Citico/Slickrock Wilderness/  Yellowhammer Gap and Nichols Cove  3/09/14

Another dreamy weekend in the wilderness and fee free zone was experienced by myself, Jerky Mike and Slapnuts, although separately.

What happened?  Well, Mike and Slap went in Friday to camp down low on Slickrock.   I hit the trail Saturday, rather late in the afternoon.   Parking at Tapoco, I hiked up to Ike’s Branch, then hit  Yellowhammer Gap and intersected Nichols Cove, where I thought to find these boys since Slap’s instructions were rather “vague”.

 It was one of those days of which you can only dream in early March.  These were new miles for me in Citico/Slickrock.  Ascending YellowHammer I was confronted with an entire absence of people and a surfeit of my favorite trees in the world.   Beech.  Some of the largest specimens in the South are observed here.  This particular one reached into the heavens.

  I developed an affinity for the Yellowhammer trail, perhaps in part due to its association with the woodpeckers for which it is named.


   Slickrock and Citco are to me, what the Smokies represented before the fee.  

Alliteration aside, the freedom experienced here is a continuing breath of fresh air.   There are endless streams and forests, mountain vistas and no jack booted tent rousters.   No Kojaks with the backpacks are roaming these parts.    The camping is undefined.

When I ascended up and over Yellowhammer and reached the intersection of Nichol’s Cove, I tried to imagine what Slap was thinking.   At first I thought he was going to the top at the base of Big Fat Gap trail.   But when I saw their cars at the dam, I figured that may not be the plan since I knew that would be an extra long day out and Jerky Mike wouldn’t probably be interested in that.   So I split the difference hoping they would be at this intersection.   They were not.

In fact, no one was there at all.  Just some great camping spots and this little cemetery.   I then hiked a quarter mile up Nichols’ Cove and hollered.   Then I returned and descended back towards Slickrock creek.  A couple of miles later and a few stream crossings, I smell campfire smoke.  Encouraged, I leapfrogged downstream hoping to soon encounter my buddies.  I chased that smoke for 20 minutes in the fading daylight.   I passed one of the best campsites on earth with wood stacked and graded in three separate piles.   My last rock hop showed a plume of white smoke but no tents.  I first think it a fisherman or moonshiner.   As I approach the figure in recline against the small tree it is none other than an exasperated Jerky Mike.

His trail to Slap had grown cold and he had been roaming Nichols Cove up and down in frustration.  So we had that in common.  It was decided to camp here, in the middle of the trail, where Mike had started the fire.  And it worked out fine.  We abandoned hope of finding Slap.  I presumed he was at the top of Nichols Cove.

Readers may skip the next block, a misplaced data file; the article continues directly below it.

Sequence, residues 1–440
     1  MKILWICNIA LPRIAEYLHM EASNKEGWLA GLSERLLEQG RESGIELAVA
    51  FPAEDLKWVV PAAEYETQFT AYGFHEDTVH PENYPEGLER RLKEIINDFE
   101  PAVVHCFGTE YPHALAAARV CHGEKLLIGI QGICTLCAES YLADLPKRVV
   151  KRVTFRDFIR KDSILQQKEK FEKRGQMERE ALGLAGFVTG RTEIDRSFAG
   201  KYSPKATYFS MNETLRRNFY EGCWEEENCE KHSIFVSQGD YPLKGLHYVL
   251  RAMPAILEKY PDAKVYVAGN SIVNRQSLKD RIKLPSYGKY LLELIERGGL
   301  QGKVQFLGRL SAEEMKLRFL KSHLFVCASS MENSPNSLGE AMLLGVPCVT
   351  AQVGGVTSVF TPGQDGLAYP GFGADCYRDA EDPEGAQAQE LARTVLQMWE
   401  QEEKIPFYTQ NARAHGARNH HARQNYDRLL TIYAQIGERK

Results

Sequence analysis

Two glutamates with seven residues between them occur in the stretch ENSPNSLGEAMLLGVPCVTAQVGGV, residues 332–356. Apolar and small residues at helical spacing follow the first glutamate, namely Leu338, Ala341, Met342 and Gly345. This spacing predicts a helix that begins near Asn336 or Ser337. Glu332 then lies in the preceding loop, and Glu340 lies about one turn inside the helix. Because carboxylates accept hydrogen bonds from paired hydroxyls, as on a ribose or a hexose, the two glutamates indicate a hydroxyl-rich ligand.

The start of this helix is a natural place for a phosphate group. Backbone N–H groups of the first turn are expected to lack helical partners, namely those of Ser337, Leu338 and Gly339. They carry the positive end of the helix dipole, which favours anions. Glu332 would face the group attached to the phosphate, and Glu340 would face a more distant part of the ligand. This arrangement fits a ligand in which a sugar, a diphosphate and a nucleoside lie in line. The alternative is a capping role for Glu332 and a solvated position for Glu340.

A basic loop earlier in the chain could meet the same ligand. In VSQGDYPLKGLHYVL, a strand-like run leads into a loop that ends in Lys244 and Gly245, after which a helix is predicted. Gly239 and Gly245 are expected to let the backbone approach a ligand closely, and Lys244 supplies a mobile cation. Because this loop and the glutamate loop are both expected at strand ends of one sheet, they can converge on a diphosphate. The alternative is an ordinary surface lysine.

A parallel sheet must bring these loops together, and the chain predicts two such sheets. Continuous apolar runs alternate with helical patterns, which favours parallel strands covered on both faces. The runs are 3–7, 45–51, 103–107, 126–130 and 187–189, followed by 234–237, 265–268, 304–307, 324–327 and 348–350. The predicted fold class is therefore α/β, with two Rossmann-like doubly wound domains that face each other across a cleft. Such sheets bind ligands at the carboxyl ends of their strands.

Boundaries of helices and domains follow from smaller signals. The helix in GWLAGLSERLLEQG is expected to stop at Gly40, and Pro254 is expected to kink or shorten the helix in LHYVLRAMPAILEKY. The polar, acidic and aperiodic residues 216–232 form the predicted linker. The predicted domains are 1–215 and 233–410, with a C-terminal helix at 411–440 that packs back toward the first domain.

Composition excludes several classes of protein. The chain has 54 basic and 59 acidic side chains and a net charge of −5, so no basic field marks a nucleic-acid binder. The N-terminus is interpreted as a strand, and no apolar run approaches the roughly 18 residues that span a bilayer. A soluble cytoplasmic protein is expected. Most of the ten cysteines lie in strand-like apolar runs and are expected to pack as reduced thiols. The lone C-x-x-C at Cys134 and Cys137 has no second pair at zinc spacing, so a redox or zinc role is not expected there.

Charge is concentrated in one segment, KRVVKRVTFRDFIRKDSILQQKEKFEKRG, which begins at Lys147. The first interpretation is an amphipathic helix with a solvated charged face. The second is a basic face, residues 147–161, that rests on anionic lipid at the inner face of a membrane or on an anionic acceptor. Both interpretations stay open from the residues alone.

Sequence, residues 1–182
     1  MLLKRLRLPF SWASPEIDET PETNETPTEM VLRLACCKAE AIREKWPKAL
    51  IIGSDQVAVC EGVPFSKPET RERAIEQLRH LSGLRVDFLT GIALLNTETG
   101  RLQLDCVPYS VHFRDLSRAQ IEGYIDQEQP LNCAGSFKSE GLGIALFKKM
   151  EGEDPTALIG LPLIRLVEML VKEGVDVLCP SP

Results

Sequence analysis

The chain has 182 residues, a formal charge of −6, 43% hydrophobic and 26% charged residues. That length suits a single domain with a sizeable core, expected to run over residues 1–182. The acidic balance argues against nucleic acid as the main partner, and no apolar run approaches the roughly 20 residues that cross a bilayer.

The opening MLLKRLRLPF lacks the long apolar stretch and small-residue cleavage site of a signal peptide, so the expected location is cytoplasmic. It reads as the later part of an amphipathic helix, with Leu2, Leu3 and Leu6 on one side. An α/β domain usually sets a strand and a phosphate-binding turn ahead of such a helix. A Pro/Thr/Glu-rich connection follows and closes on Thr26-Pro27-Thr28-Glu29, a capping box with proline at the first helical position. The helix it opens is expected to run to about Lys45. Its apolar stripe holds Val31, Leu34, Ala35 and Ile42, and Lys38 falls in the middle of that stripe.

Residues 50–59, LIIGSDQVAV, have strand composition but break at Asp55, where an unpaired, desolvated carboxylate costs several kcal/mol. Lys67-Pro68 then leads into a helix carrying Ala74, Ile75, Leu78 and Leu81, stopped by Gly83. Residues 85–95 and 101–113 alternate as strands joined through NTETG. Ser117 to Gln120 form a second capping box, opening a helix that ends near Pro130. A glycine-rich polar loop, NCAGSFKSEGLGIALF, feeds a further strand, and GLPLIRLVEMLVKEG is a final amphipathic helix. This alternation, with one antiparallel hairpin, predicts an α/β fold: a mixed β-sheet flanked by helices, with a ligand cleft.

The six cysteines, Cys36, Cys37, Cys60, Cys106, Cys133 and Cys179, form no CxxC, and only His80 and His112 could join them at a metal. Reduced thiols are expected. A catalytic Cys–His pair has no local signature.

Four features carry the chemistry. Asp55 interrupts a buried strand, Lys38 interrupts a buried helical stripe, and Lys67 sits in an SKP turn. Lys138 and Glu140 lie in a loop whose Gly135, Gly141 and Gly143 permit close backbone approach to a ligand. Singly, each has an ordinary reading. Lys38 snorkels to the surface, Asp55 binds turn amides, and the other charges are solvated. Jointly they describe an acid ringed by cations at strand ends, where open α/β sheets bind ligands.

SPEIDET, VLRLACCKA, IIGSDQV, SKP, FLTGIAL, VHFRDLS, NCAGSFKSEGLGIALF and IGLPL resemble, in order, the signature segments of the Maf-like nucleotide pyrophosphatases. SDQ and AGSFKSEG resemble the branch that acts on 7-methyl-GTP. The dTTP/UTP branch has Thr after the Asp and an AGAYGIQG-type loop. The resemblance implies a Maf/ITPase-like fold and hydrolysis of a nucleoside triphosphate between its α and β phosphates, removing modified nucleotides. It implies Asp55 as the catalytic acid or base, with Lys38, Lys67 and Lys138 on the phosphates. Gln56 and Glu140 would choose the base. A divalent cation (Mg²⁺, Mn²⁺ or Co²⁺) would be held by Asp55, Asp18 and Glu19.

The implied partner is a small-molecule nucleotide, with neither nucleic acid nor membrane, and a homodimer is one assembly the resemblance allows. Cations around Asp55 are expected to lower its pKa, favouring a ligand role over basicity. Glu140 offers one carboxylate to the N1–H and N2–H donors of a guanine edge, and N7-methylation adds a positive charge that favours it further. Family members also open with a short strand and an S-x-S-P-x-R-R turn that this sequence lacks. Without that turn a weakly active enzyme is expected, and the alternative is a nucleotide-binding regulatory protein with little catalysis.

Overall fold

Mike then decided that Slap has lost his driving privileges for a while and is grounded.   According to Chief Lodgebow, Slapnuts is in time out until further notice.

I looped out and finished Nichols Cove.  It intersects SlickRock and Ike Branch so I could close a couple of loops there.   It was one of the finest walks in the Wilderness I have ever taken.  And I didn’t see a sole other than Jerky Mike.   No fee, wide open backpacking and zero jackboots.  In other words, Heaven.

In case some of you haven't heard, our good friend, Rikki Hall is battling brain cancer and they are hosting a benefit for him on March 20th at Scruffy City Hall in Knoxville.  Rikki is a good friend of the Highlanders (here is link to his last trip with us at Big Creek) and journalist who has opined in favor of our fight against the fee.  Here is a link to the story he did in Metro Pulse.  

 Backcountry Tax: Charging Backpackers to Camp is Against the Spirit of the Smokies » Metro Pulse

Consider supporting Rikki as he fights the fight of his life.   An All-Star Lineup Jams for Rikki Hall » Metro Pulse.

Finally, if you didn't get a chance to see the interview, here is a link to the WBIR Live at Five at Four piece on our Pakistan trip.

 Mountain climber survives tragedy then writes book   I appreciate Emily Stroud and her coverage of my book.  She is an incredibly nice and professional journalist who moonlights as a writer of fiction.  I believe that she took my story for a couple of reasons, not the least of which was to give a fledgling author an opportunity to market his book.  In return, I am posting a link to her own, self published work. 

   Broken News: a novel: Emily Stroud: 9781481127455: Books

Tempting the Throne Room    where to purchase.